In March, I had the pleasure of attending a continuing education class at the Southern California College of Optometry (SCCO). This was a one-day seminar dedicated to the fitting of large-diameter lenses, and the emphasis of the presentation focused on scleral lenses.
I would be hard pressed to find a better group of presenters on these topics. Tim Edrington, O.D., professor at SCCO, talked about large-diameter corneal lenses. As always, Dr. Edrington’s approach is very clinical, (i.e., he shows the participants how to fit lenses when they return to their offices the next day.)
Christine Sindt, O.D., Associate Professor at the University of Iowa Department of Ophthalmology & Visual Sciences, Gloria Chu, O.D., Chief Optometrist at the Perry Rosenthal Clinic Doheny Eye Institute and Brett Larson, O.D., SCCO contact lens resident, also shared their expertise on fitting techniques for scleral lenses.
Most of the time, when we fit very large lenses (including scleral lenses), we note that the corneas are quite irregular as a result of trauma or disease. In these cases, topography is always of value. However, in the case of greatly distorted corneas, topography may not provide the best information to fit these lenses without diagnostic lenses.
Dr. Edrington’s recommendation on the initial fitting: “Just put a lens on the eye.” This was perhaps the best technique I have ever heard in more than 30 years of contact lens fitting.
The best “topographer” for irregular corneas is a diagnostic lens. So, as Dr. Edrington mentioned, put a lens on the eye, and then evaluate the fit. If the lens appears too flat or too steep, make a change of 1.00D to 2.00D in the base curve, and reevaluate the fit.
On a grossly irregular cornea, do not expect to see an “ideal” fluorescein pattern. A well-fit scleral lens should rest lightly on the sclera, not restrict the flow in the underlying blood vessels, and effectively clear the cornea. However, it is not unusual if one part of the lens does not clear the entire cornea. When the edge of this “touch” shows a feathered fluorescein pattern, it may be acceptable. If the edge of the “touch” is very sharp and distinct, more clearance is needed to avoid corneal irritation.
Scleral Lens Fitting
It is not my intention to provide you with the vast amount of knowledge needed to fit scleral lenses, but to let you know there are resources available to help you learn how to use this very valuable tool.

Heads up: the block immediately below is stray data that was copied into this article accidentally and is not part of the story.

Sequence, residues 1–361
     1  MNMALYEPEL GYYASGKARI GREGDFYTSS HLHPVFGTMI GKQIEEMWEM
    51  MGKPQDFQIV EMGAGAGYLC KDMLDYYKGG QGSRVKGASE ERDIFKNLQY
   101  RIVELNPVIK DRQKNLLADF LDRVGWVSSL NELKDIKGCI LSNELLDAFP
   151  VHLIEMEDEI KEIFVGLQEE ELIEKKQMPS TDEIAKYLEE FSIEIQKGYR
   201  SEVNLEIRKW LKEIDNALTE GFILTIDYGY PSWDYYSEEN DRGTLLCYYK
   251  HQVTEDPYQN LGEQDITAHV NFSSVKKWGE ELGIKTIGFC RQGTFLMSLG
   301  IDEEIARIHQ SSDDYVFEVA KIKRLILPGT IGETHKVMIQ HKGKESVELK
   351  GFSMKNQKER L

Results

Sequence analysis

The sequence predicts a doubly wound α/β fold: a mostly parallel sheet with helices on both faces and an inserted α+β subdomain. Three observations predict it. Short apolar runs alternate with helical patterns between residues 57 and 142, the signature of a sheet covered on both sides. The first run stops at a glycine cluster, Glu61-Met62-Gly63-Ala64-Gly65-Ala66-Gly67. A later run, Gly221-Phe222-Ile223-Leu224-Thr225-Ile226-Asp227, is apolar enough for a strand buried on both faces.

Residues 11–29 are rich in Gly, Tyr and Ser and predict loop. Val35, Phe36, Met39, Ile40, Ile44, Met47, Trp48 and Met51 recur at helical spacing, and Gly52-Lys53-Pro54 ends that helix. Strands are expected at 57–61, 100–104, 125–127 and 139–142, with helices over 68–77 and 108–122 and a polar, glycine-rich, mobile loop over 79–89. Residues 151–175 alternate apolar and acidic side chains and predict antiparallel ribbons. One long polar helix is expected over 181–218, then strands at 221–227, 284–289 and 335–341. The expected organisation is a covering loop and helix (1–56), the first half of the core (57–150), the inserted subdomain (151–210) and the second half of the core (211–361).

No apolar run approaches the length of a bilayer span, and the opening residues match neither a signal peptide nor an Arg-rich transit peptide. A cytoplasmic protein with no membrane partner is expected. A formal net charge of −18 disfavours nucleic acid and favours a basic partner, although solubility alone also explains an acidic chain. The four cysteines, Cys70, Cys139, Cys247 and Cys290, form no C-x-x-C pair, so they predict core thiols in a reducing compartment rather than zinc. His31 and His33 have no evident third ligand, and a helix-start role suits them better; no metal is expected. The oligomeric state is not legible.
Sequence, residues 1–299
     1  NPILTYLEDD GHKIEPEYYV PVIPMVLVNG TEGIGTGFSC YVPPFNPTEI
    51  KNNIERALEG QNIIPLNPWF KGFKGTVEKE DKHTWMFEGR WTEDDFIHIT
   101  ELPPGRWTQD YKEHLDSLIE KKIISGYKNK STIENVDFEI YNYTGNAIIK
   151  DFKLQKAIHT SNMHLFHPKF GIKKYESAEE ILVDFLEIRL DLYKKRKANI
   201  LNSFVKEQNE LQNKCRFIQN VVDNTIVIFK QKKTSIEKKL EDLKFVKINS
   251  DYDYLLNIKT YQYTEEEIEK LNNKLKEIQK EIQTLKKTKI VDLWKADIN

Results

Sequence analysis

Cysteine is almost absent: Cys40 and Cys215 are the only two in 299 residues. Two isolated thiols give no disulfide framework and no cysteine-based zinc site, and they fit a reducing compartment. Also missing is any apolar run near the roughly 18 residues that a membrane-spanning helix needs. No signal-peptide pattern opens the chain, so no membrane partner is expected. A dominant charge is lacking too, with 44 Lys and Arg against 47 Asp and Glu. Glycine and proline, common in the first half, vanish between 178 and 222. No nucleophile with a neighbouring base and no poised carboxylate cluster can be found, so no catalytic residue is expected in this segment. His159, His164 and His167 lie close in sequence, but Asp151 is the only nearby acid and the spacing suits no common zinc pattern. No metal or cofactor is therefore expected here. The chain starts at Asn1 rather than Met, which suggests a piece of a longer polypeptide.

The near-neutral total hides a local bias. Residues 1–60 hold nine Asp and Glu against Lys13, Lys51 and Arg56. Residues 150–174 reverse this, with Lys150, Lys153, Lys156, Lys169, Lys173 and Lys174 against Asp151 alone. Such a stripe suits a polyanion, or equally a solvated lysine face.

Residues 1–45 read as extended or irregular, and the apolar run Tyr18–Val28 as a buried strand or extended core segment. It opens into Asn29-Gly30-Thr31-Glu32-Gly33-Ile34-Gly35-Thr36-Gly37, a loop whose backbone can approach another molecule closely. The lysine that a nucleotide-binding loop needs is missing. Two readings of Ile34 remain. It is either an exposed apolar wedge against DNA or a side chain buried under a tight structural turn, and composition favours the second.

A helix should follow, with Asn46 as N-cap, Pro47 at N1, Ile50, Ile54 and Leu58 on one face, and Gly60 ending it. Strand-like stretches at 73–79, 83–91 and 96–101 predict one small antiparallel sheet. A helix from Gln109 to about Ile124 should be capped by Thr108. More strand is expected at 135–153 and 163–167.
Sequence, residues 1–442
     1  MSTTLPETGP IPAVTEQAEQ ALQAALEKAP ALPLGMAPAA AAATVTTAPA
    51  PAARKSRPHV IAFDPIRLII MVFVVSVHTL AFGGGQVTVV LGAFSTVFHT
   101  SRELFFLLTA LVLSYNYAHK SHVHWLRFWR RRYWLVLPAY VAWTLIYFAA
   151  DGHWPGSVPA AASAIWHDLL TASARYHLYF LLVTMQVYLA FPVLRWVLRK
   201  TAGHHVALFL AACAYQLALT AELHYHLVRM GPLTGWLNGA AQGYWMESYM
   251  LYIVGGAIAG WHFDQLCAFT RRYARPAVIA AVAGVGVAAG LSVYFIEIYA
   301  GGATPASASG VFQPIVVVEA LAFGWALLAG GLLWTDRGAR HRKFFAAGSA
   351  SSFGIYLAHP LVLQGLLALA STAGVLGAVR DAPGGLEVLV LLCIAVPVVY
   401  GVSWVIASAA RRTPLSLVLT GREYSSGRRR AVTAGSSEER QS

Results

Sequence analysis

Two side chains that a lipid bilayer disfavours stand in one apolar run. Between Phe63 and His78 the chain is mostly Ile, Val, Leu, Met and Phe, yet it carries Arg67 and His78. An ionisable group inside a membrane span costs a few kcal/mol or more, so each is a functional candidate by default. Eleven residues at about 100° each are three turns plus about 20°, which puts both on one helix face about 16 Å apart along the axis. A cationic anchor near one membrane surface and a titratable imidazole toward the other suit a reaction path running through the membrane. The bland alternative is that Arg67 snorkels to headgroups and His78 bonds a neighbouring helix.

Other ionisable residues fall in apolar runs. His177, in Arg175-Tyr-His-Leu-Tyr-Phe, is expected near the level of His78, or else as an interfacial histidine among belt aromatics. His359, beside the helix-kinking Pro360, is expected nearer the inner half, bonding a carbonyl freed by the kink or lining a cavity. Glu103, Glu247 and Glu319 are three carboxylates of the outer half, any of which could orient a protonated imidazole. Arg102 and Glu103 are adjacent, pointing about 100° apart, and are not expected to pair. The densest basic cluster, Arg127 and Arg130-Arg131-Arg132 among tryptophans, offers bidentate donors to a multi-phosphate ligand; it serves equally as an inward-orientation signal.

Recently, the Scleral Lens Education Society (
www.sclerallens.org) was formed by a small group of experienced scleral lens fitters. The society’s mission is to teach contact lens practitioners the science and art of fitting all designs of scleral contact lenses for the purpose of managing corneal irregularity and ocular surface disease.
SLS, a non-profit organization, also supports public education that highlights the benefits and availability of scleral contact lenses.
By the end of June, the Gas Permeable Lens Institute ( www.gpli.info) should have a new module available. According to their executive director, Ed Bennett, O.D., a PowerPoint presentation on GP management of keratoconus will include information on design, fitting and problem solving for sclerals.
As the co-chair of the Bronstein Contact Lens and Cornea Seminar, we will have a minimum of four lecture hours on large corneal and scleral lenses at our January 14-16, 2011 meeting in Scottsdale, Arizona. This meeting is sponsored by the Arizona Optometric Association, and further information can be obtained at
Scleral lenses could very likely be the wave of the near future for fitting unusual eyes. Contact the Scleral Lens Education Society, the Gas Permeable Lens Institute, a nearby College of Optometry or any of the great continuing education programs available across the country for the availability of educational opportunities on this topic. Additionally, you can ask your state associations or local societies to bring in some of the very talented people who are willing to share their knowledge on scleral lenses.